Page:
Bridging the gap between the Met's Renaissance and Classical paintings and its Modern collection is the European Gallery focusing on the 19th and early-20th century. Here are the giants of art history and examples of the revolutionary styles they invented. Getting lost in this detailed collection is an inviting way to spend an afternoon.
The Met's outstanding collection of European paintings is split into two major sections, roughly divided by the turn of the 19th-century. The post-19th-century collection contains the crowd-pleasing, recognizable names. However, a careful tour of the pre-19th-century galleries allows you to watch Renaissance unfold across Europe. Start here.
Art succumbs to excess in the galleries dedicated to European (or rather, aristocratic) furniture and decor. The museum’s greatest sculptures are found in this section, as well as its most extravagant period rooms and luxurious furnishings. Get a taste of royal living with an afternoon seeped in jewels and gold.
While not technically a separate artistic department, the Great Hall of the Metropolitan Museum of Art is a required stop on even the most cursory tour of the museum. Look beyond the admission desks, information kiosks and coat checks to appreciated this magnificent introductory space. Best appreciated from the balconies above.
The soul of the Metropolitan Museum of Art is its Greek and Roman Wing. This gallery puts the rest of the museum in perspective. European and American art is directly descended from this. Cultures outside the Mediterranean are best contrasted with this. Over 1,000 years of art and artifacts are on display, tracing the rise and fall of some of the world's most influential cultures.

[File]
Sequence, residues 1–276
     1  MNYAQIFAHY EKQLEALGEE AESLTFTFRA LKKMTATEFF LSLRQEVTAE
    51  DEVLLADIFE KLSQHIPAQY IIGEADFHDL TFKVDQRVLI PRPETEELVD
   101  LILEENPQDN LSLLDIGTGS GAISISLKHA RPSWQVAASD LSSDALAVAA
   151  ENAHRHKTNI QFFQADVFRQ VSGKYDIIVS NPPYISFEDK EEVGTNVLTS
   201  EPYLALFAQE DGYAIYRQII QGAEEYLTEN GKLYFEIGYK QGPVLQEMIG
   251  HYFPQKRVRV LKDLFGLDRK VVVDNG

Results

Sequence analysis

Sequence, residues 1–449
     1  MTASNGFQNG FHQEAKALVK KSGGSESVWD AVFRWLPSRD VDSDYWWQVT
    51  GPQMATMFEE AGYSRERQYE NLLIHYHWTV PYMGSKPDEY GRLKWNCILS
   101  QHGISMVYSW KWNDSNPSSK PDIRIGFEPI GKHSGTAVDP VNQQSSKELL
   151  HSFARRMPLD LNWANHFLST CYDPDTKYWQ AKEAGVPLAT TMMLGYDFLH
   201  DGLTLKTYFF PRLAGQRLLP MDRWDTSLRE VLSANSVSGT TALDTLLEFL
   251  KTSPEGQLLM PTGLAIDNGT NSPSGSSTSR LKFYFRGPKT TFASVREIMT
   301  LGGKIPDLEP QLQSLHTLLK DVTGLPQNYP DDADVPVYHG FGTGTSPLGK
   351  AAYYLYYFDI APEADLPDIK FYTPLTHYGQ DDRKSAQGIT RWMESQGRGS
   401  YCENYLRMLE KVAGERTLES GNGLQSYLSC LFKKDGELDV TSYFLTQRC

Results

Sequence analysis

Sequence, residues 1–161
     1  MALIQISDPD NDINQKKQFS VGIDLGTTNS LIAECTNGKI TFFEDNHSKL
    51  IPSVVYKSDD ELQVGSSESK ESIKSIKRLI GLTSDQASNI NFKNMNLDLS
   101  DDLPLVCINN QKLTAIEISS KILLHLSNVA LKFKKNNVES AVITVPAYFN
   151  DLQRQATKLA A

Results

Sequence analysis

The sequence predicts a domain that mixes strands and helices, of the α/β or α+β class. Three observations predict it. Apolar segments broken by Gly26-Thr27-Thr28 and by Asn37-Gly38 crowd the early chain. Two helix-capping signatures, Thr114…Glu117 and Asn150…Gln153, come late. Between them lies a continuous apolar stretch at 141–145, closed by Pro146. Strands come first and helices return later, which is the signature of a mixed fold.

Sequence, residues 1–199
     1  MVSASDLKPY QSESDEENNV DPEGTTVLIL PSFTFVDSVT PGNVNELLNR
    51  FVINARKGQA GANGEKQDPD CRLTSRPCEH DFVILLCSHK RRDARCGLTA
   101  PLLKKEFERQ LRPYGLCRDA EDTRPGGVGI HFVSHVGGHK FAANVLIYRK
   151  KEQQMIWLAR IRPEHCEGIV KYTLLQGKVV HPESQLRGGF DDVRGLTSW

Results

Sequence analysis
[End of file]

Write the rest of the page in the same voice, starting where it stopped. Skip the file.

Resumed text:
Consider the galleries of Medieval Art an advertisement for the Cloisters. If you like these galleries, you’ll love the larger collection up the Hudson. If you don’t like these galleries, still take up a trip up to the Cloisters: it’s amazing.
Long considered the weakest link in the Met's sprawling departments, the Modern collection still rivals everyone but the MoMA. Contemporary exhibits may not be as daring as other museums but the permanent collection has representative pieces from all of the artists you would expect for a world-class 20th-century collection.
The Met's collection of instruments provides a fascinating respite from the traditional galleries. The instrument galleries have recently partially reopened after having been closed since 2016 as part of a much-needed renovation. Stop by to see familiar instruments produced beautifully but more for the exotic instruments you have never heard of.
Like the nearby Drawings and Prints galleries, the Met's collection of Photography is presented as rotating exhibits featuring a blend of borrowed works and the museum's permanent collection. These exhibits are consistently popular and accessible, but barely scratch the surface of the full collection.
Unique at the Met, the Lehman Collection defies the Met’s usual systematic categorization of works by region, media and time and instead celebrates the cumulative work of a dedicated private art collector. A spacious wing was added to the Met in 1975 to display the collection as a collection.